TAMPA (WFLA)- U.S. veterans who served in Thailand contend they were sprayed then betrayed.

Many of those vets say they’ve suffered exposure to a poisonous herbicide called Agent Orange that was widely used on military bases during the Vietnam War.

Though these veterans who served in Thailand are battling the same list of diseases associated with this herbicide as those who went to Vietnam, the rules are different for them.

During the war, Dan Tolly of Tampa, assembled missiles near the perimeter of Ubon Air Force Base in Thailand.

The VA told Dan Tolly that Agent Orange wasn’t used in Thailand.

“There was not a stick of anything growing there,” recalled Dan.

That’s because the military sprayed Agent Orange.

The concoction of acids is linked to heart disease and cancers.

Paul DeVane, also of Tampa, repaired navigation equipment near the perimeter of Korat Air Force Base.

Paul DeVane remembers being sprayed with Agent Orange at Korat A.F.B.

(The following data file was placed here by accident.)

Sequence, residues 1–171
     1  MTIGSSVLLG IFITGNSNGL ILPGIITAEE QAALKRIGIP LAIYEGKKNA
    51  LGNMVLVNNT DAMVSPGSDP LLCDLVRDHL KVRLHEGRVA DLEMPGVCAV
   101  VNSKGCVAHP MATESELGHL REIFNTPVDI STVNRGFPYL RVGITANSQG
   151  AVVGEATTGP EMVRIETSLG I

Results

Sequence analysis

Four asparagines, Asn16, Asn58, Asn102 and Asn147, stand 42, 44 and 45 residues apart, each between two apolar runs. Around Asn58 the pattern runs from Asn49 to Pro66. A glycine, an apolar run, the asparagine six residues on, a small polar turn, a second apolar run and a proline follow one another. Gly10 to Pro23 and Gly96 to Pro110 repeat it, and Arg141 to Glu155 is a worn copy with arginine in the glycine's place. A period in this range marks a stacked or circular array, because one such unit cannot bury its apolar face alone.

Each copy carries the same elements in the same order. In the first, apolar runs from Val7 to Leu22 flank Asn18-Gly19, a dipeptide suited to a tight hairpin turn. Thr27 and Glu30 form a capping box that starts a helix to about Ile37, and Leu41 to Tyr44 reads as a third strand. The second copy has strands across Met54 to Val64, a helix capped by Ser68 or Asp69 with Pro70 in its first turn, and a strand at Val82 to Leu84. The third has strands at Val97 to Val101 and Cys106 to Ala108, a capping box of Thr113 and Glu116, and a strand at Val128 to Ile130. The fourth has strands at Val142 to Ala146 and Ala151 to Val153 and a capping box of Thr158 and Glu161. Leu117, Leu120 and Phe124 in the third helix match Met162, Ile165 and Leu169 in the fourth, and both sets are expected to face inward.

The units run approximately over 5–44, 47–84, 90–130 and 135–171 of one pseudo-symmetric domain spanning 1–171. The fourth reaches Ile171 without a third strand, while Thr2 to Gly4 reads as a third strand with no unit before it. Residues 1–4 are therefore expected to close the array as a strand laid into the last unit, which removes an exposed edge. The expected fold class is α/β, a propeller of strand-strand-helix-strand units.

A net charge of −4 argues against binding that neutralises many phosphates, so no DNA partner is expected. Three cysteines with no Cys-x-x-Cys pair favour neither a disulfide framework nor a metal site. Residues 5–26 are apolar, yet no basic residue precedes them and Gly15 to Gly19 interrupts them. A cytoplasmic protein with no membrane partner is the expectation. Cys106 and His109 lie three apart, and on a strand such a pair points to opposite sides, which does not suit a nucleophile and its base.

“They sprayed and if you were in the area you got sprayed too,” Paul said.

Both Paul and Dan later developed cancers and heart disease, conditions tied to Agent Orange exposure.

If they had served in Vietnam, where exposure is presumed, they would automatically qualify for disability benefits.

However, the VA requires Thailand vets like Dan and Paul, prove they worked in or near sprayed areas.

A bill in Congress would change that, if passed.

HR2201 basically states if you were in Thailand, you were exposed.

What sort of backing does this legislation have?

I tracked down several members of the Florida Congressional delegation to find out where they stand.

Congressman Gus Bilirakis told me, he wasn’t even aware of the bill.

“No I’ll look into it,” he stated.

Congressmen Vern Buchanan, Charlie Crist, Daniel Webster, and Darren Soto, support the bill.

After I contacted her office, Representative Kathy Castor committed to cosponsor the legislation.

Congressmen Ross Spano and Greg Stuebe are uncommitted.

Representative Francis Rooney was unresponsive.

U.S. Senator Marco Rubio will support the Senate version of the bill.

Senator Rick Scott is uncommitted.

Congressman Bilirakis promised to look into it.

Later that evening, I got a text from his office.

It said, “Gus reviewed the legislation and he is going to co-sponsor.”

If you know of something that you think should be investigated, call our 8 On Your Side Helpline at 1-800-338-0808 or contact Steve Andrews at sandrews@wfla.com